The 5 Most Common Forms of Punishment


A few weeks ago, I was able to get away for the weekend to hunt down the hottest summer weather I could find in California and headed to Palm Springs. I suppose everyone else had the same idea…punishment

It seems that in many of the popular vacation spots, you can usually count on the infiltration of families and young children. That being said, these places are also hotspots for witnessing parents from all over the world, scolding their kids.

Call me biased, but I know that after learning about P.E.T., my awareness towards parenting the “other” way is extremely sensitive. It’s almost as if I have acquired a sense of selective hearing for punishment and scoldings which can be like nails on a chalkboard!

After pondering on this some more, I’ve come up with a list of what I believe to be the 5 most common forms of punishment – and of course, the case against it!

  1. Yelling – scolding, name calling, demanding
  2. Withdrawing or Withholding – taking away privileges which may or may not have anything to do with their unacceptable behaviour
  3. Using “Logical Consequences” – i.e. if the child is late for dinner, they are made to go without eating
  4. Grounding – not allowing them to do anything but what is (according to the parents) necessary
  5. Isolation – giving them “time outs”, alone and away from everyone else

In P.E.T., we learn about the different types of authority and that Authority P (power) is used in relationships where there is an imbalance of power. No question about it, power and punishment does work at times. However, as the old saying goes: When the cat’s away the mice will play. Punishment usually works only as long as the parent is present. As kids grow older and discover their own ways to get their needs met, their reliance on their parents lessens. As a result of this, kids begin to learn that their parent’s threats will not affect them. Inevitably, parents run out of things to threaten or punish their children with.

Aside from the uselessness that punishment incurs, the long term effects on the child’s behavior can be experienced as a very rude awakening for their parents. It is a commonly accepted idea that teenagers are inherently rebellious. I can’t help but wonder if people really believe that this rebellion comes from no other reason aside from their age.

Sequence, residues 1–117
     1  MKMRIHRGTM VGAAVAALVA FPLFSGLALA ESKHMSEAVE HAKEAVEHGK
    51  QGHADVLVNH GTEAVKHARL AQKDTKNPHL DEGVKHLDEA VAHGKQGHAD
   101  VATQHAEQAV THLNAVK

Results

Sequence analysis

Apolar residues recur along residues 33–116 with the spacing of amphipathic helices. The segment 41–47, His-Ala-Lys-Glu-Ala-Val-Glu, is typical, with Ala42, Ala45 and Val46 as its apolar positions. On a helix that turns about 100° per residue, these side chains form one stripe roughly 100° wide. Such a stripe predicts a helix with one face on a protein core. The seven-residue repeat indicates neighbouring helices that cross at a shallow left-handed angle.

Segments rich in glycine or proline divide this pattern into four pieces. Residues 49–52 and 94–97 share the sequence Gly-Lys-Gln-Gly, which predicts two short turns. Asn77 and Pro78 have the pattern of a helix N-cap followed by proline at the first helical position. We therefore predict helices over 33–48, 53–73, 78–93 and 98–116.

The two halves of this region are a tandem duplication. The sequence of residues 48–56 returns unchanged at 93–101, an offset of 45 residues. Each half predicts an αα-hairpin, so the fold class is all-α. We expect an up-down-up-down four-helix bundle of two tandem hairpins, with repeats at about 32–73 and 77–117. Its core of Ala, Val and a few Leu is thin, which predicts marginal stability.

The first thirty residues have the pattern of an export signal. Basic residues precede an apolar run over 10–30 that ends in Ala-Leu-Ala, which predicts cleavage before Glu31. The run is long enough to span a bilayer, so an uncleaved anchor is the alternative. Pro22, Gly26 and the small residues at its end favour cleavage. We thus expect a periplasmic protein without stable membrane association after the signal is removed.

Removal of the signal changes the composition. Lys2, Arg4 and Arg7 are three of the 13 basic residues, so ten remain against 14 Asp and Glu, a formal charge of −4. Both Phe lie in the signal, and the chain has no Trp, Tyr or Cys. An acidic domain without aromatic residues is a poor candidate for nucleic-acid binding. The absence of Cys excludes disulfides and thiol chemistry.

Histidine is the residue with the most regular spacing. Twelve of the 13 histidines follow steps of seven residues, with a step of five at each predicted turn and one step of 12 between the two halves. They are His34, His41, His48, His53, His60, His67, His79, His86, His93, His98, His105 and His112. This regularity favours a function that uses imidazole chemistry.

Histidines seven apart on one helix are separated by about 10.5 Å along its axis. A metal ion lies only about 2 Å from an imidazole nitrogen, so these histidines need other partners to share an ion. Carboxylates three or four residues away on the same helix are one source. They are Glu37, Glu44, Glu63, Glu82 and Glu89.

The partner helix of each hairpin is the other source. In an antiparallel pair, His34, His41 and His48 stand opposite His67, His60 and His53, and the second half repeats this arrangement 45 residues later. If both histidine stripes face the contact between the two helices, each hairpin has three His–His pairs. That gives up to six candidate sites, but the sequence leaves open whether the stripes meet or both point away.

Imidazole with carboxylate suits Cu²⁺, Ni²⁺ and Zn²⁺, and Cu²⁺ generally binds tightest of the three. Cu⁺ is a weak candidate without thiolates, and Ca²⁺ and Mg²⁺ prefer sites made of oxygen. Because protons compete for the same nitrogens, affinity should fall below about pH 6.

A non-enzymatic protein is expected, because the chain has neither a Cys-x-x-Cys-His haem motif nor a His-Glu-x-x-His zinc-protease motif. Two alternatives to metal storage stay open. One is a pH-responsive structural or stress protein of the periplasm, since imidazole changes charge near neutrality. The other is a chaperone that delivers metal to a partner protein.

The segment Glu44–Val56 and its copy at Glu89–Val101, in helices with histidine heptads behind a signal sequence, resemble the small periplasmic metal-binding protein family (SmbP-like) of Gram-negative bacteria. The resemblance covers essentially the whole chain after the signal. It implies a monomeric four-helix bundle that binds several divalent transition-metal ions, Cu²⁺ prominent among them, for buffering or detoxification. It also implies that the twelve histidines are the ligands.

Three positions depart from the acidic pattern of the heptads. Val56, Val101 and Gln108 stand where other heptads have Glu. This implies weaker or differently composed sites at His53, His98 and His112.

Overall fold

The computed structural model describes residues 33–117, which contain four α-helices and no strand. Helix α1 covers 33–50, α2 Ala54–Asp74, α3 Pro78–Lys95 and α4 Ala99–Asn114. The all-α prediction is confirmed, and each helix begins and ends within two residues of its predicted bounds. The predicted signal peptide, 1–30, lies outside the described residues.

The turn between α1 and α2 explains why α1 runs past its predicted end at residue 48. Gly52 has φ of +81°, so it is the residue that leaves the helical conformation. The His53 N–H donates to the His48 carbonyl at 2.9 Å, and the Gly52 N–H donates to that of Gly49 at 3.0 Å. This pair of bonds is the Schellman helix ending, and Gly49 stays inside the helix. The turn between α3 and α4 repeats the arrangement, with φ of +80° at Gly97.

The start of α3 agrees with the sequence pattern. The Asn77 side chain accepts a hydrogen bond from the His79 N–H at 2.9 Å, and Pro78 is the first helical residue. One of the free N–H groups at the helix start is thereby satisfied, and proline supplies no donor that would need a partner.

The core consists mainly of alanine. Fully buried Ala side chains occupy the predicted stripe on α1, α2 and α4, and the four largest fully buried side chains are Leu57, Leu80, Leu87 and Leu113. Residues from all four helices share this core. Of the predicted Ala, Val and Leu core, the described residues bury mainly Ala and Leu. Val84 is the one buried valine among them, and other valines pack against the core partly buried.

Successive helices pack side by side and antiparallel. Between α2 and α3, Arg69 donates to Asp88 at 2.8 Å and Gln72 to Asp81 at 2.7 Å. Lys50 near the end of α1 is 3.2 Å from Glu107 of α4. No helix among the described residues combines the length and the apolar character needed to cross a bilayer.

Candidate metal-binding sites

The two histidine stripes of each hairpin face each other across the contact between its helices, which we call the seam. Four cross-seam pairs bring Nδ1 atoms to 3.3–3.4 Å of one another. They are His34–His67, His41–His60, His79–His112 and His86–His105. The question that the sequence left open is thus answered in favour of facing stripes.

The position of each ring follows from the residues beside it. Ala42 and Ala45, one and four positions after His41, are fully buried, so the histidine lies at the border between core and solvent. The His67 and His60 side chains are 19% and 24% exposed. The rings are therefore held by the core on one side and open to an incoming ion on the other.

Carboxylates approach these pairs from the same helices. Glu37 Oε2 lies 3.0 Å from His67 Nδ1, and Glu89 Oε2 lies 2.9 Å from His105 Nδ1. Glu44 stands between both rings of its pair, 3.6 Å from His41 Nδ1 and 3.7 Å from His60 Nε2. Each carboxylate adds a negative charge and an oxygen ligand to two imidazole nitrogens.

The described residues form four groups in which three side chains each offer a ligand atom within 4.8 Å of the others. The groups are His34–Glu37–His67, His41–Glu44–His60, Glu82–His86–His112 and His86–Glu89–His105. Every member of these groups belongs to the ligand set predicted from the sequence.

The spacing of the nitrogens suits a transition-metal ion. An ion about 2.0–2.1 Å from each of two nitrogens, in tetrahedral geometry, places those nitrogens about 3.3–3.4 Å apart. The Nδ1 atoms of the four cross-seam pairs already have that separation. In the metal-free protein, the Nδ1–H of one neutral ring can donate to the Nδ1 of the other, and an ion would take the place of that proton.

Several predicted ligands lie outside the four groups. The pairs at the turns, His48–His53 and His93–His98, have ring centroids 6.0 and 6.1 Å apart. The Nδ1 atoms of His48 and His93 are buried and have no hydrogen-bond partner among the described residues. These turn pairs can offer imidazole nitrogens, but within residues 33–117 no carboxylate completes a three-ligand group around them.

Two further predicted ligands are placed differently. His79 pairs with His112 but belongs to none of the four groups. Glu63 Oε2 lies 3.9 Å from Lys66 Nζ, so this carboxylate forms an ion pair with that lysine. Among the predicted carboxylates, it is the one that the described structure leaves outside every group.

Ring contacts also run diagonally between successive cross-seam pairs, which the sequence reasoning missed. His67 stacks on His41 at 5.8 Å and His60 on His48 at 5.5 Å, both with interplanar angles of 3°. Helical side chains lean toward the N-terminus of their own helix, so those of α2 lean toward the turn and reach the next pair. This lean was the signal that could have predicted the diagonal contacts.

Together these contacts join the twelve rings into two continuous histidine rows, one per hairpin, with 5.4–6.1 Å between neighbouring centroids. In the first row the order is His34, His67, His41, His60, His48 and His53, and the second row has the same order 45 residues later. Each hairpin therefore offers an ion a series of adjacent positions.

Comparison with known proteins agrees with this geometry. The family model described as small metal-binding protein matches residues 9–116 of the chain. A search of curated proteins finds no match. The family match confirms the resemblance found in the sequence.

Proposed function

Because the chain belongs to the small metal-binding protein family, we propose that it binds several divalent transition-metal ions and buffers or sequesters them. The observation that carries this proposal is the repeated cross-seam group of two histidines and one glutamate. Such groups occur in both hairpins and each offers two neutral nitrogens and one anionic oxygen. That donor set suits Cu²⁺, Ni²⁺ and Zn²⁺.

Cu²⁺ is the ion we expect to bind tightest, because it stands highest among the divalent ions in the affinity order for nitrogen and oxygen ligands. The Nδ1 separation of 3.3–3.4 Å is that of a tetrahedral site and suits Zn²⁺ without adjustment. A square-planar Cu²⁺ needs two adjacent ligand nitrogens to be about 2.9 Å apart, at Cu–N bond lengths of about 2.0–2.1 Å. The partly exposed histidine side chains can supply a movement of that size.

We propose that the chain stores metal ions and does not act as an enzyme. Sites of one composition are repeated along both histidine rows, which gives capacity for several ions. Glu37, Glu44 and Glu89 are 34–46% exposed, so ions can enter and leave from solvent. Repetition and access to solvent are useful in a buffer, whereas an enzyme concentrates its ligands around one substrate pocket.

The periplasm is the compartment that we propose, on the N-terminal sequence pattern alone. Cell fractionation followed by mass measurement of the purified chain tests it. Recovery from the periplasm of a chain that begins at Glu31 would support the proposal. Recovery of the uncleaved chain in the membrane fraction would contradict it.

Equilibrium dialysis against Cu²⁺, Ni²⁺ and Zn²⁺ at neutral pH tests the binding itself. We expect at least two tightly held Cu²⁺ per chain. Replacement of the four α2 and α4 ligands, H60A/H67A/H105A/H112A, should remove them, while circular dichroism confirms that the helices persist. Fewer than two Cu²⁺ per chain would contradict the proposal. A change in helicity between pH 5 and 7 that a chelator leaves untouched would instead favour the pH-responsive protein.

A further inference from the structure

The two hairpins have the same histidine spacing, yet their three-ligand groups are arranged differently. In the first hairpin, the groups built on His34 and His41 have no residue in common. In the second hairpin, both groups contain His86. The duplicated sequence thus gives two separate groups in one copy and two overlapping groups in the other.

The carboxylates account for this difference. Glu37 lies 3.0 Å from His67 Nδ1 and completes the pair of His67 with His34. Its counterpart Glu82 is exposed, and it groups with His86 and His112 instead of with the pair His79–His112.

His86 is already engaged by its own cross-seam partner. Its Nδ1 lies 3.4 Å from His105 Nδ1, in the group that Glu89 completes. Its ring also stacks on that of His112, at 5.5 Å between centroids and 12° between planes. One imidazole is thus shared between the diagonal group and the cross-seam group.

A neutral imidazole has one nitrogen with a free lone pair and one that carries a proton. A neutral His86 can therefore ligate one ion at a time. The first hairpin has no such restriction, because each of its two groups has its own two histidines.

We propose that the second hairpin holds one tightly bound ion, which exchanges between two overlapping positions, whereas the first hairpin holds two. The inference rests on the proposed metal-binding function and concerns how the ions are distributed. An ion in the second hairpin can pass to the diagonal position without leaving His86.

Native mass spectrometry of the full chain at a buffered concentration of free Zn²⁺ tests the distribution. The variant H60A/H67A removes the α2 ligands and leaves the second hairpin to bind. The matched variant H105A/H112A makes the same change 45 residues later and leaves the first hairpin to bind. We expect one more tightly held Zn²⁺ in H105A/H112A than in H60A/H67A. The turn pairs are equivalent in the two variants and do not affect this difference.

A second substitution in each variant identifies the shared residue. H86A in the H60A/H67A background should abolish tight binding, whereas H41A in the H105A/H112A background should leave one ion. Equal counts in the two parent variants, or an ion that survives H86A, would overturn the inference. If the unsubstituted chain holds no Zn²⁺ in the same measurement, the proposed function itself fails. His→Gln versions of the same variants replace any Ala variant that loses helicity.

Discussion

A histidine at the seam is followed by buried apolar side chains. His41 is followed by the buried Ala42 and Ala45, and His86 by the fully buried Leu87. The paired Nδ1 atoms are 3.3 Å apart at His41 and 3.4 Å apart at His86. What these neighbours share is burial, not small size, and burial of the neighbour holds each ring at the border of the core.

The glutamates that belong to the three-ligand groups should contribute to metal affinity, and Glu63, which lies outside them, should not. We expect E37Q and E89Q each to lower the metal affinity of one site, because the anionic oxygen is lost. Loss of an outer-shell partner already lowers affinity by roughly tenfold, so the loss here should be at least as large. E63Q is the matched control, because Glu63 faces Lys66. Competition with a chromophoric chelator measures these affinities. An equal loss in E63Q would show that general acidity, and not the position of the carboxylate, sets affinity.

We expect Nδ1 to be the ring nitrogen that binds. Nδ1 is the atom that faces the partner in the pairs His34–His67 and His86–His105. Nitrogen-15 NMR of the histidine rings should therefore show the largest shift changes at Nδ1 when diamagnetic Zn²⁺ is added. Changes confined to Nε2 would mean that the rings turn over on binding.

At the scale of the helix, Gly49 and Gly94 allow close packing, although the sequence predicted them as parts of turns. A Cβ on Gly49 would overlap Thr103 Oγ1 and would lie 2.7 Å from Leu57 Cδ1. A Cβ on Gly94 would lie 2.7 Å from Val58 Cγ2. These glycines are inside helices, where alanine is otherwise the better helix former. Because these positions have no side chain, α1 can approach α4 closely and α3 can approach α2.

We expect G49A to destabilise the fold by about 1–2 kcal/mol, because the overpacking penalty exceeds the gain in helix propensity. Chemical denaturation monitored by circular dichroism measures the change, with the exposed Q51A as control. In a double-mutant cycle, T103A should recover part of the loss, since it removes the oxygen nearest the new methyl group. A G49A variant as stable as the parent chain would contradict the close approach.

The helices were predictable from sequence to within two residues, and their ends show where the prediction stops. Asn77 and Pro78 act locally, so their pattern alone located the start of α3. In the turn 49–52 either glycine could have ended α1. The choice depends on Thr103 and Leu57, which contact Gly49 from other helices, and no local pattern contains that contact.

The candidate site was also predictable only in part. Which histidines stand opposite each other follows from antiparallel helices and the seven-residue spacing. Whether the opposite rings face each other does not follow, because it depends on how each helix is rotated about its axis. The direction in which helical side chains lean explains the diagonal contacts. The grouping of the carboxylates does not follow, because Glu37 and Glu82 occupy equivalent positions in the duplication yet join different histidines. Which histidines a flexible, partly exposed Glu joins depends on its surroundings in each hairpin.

According to P.E.T., children don’t rebel against their parents; they rebel against their parents’ power. The teen years are those in which the children gain more independence and ability to survive without needing mom and dad.

“In direct contrast to the conventional, “common sense” belief that punishment will prevent aggressive behavior by children, the evidence that indicates that harsh, punitive, power-based punishment actually causes aggression in children. Clearly, punishment doesn’t prevent aggressive behavior by children; it promotes it.” – Dr. Thomas Gordon

Article is written by Selena Cruz George – P.E.T. Program Manager – Gordon Training International and can be found at e-parenting-articles/the-5-most- common-forms-of-punishment/

2 comments… add one
  • I really think that you have mis-represented logical consequences by grouping them with forms of ‘punishment’. Logical consequences in a school context can be, ‘you were late without a good reason so you are going to spend time from your break to make up for it,’ or ‘you drew on a desk/made a mess so you need to clean it up’, ‘You hurt another persons feelings so we need to think of a way to solve the problem’. I think that logical consequences (when they are logical and involve discussion with the child) are a valid form of guidance however “logical consequences” such as the ones you cite don’t help anyone in the short or long term.

    • Thanks Emily,
      What you say is true. I think the article (written by Selena Cruz George – P.E.T. Program Manager – Gordon Training International) is more indicating that the logical consequences (in quotes) she was referring to was a form of justification for the use of power and not as a teaching or guidance tool. PET encourages an awareness about how we are feeling and acknowledging that. When we don’t do this, we are more likely to use forms of punishment and paint it as something else, in this case, saying it was a “logical consequence”. Exerting power over another person because you are annoyed or frustrated doesn’t have the same intention behind it. Expressing your honest feelings and asking the other person for a way to resolve the situation is more likely to have a lasting change and result for both parties. Perhaps this could have been made clearer in the article. Agreed?

      Vanessa Lewis
      (PET Instructor)


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